University of Georgia master’s of fine arts student Matt Hudgins just received a sustainability grant for his project “And…Action! Bringing sustainability on-set with the MFA in Film, Television, and Digital Media.”

The project was devised to “help reduce the environmental footprint of UGA student film productions, as well as enhance sustainability for the future of film in Georgia.”

 Why It’s Newsworthy: Georgia is one of the most popular filming locations in the United States and not all productions have an emphasis on sustainability. The Sustainable Production Alliance, found that between 2016 and 2019 major motion pictures produced an average carbon footprint of 33 metric tons per shooting day. 
Matt Hudgins carrying plastic water bottles
Matt Hudgins carrying plastic water bottles on the set of Rampage, 2017. (Courtesy/Molly Johnson)

Making a movie is not an easy job. A movie that lasts an hour and a half can take months of hard work and planning. A film crew’s typical work day is 12 hours long, during which they’re being fed meals and snacks. Hudgins witnessed first hand the kind of waste this generates. 

Hudgins worked in craft services for eight years where he provided food and beverage to hard-working crews across numerous film and TV sets. 

“I can’t tell you some of the sets that don’t even have recycling available,” said Hudgins. “In Georgia, you’re filming outside with a crew of 200 people; it’s hundreds and hundreds of plastic water bottles everyday that just go straight to the landfill.”

Cart full of snacks
While COVID-19 production protocols were at their peak most craft service snacks became single-serving. (Courtesy/Matt Hudgins)

However, throughout his work in craft services, Hudgins has also been able to work on film sets that operated with sustainability in mind.

Production companies such as Disney have hired Eco Production Assistants to analyze every aspect of filmmaking and reduce the set’s environmental impact. Some implementations have been solar powered trailers and on-site waste digesters to compost food waste into energy.

“It was really inspiring,” said Hudgins, “so I tried to push other productions that I worked on towards sustainability.”

Once Hudgins started his MFA he knew he wanted to make sustainability a factor when it comes to film at UGA.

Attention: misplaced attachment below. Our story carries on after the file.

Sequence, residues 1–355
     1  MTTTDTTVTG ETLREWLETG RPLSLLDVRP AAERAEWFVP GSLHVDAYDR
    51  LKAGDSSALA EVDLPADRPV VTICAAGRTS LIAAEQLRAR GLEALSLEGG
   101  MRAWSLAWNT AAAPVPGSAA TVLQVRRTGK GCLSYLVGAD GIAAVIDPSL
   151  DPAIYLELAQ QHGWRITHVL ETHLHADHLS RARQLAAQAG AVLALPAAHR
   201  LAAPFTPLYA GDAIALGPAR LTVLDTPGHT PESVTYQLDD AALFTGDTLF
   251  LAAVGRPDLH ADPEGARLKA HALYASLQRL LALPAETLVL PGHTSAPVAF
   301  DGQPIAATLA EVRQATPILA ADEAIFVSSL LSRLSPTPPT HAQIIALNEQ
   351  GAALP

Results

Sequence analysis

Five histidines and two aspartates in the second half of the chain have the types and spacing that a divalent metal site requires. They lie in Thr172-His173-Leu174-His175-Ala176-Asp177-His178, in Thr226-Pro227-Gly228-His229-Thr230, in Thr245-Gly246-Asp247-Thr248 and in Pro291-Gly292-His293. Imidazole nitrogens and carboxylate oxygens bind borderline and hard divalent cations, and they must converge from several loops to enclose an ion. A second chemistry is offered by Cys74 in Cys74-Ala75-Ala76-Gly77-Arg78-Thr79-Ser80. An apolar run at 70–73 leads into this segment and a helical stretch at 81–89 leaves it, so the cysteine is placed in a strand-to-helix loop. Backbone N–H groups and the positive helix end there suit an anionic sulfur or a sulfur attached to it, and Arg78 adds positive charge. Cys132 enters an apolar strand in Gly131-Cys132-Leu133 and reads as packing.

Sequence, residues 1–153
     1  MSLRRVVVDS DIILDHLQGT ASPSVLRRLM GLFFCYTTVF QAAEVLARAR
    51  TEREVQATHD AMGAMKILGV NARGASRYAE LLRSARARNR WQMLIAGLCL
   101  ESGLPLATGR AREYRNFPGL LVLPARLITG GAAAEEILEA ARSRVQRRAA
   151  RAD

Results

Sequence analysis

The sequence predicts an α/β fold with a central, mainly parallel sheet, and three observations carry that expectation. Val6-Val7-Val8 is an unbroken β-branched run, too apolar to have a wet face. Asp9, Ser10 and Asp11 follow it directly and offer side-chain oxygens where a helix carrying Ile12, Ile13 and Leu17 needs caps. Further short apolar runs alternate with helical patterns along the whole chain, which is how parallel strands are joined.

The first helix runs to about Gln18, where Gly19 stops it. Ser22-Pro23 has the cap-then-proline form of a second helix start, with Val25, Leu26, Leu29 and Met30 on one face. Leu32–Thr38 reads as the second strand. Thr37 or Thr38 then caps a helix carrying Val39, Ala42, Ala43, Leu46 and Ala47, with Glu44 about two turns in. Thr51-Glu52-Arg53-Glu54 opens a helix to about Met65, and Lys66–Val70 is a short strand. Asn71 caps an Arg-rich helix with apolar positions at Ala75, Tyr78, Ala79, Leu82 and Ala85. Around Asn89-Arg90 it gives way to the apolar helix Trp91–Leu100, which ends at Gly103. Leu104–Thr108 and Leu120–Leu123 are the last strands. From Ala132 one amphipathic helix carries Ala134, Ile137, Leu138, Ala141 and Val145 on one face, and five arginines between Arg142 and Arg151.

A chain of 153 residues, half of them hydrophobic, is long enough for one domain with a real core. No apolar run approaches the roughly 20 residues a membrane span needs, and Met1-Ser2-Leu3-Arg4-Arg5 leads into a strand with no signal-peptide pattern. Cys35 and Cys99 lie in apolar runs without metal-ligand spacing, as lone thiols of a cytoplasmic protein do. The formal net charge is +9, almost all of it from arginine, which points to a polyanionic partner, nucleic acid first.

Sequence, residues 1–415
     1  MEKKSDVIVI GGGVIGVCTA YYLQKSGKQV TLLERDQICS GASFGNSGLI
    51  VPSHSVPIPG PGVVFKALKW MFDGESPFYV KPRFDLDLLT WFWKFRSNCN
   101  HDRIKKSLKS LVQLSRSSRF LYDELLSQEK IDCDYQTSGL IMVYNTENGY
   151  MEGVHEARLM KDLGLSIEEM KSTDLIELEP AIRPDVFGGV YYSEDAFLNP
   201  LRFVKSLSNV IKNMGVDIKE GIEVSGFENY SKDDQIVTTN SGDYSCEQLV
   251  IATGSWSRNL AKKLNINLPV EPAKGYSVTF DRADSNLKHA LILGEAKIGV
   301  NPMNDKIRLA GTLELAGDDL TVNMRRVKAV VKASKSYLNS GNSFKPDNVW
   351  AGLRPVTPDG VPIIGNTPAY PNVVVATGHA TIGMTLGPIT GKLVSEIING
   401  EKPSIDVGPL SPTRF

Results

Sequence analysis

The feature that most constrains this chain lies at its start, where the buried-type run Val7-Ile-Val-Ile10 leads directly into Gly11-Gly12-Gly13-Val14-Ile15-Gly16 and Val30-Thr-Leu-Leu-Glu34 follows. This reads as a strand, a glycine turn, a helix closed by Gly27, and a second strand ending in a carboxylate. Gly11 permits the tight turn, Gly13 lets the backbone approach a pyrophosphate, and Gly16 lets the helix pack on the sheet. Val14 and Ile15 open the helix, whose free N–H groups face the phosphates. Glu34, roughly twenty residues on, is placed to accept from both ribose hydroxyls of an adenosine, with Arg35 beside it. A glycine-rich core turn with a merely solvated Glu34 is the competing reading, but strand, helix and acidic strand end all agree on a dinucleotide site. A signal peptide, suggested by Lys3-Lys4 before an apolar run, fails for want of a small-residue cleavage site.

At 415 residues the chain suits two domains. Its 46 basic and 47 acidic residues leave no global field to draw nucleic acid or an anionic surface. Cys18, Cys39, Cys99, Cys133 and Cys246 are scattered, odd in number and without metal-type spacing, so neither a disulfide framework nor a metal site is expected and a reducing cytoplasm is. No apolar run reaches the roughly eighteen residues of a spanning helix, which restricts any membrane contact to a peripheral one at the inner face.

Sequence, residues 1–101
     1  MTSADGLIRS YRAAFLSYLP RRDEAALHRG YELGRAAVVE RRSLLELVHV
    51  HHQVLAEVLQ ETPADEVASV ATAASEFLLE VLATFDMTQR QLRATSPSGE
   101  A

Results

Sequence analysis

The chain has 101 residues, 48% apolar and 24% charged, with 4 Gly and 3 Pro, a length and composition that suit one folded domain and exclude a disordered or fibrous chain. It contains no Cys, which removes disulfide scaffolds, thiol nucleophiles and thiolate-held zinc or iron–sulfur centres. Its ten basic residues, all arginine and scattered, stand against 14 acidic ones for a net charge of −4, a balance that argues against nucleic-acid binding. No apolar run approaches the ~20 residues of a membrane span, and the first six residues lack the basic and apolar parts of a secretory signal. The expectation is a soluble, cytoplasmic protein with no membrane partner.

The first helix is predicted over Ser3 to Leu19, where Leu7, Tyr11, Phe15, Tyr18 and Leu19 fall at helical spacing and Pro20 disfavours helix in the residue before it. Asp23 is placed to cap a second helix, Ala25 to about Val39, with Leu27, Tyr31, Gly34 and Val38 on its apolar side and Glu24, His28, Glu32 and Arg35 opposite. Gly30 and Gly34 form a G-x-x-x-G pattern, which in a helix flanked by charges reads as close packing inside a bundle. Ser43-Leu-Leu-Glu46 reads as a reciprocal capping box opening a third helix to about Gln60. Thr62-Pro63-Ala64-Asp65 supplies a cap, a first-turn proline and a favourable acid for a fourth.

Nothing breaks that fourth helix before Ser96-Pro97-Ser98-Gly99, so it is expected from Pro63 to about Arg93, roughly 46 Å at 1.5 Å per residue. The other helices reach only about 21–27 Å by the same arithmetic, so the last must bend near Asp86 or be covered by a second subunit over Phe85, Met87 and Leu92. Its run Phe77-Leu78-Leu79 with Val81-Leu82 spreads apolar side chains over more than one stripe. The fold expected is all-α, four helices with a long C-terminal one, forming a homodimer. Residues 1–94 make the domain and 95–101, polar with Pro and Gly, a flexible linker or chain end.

And Action…Bringing Sustainability On-Set with the MFA in Film, Television, and Digital Media will focus on researching and implementing sustainability practices on-set of all MFA student film projects with a special emphasis on three-stream waste management. 

Three stream waste management uses three trash bins that separate waste into the categories recyclables, compostables and landfill. Hudgins believes with the plans in place student film productions can reduce their landfill-bound waste by 75% by this summer.

The plan will also feature students being issued reusable water bottles to reduce on-set plastic as well as sustainability education sessions for the program.

I think it’s a great starting point.” said Georgia Tech Sustainability Project Manager Jordan Barron. “it covers a lot of what a baseline must and lets you know where you could go even more in depth from there.”

With this plan in place, Hudgins intends for UGA to qualify for a membership into the Green Film School Alliance by the end of the spring 2023 semester. 

The Green Film School Alliance is a partnership between academic leaders that work to teach sustainable production to a group of schools in an effort to make green production a standard practice for all filmmakers.

Hudgins believes that in teaching sustainable practices in film, students will then go on to build a more sustainable future in the industry.

“That’s my hope,” said Hudgins, “with everyone being student filmmakers, who are then going to become decisionmakers, showing them the right way to do things.”

Kelsey Bingham is a fourth-year student majoring in journalism.



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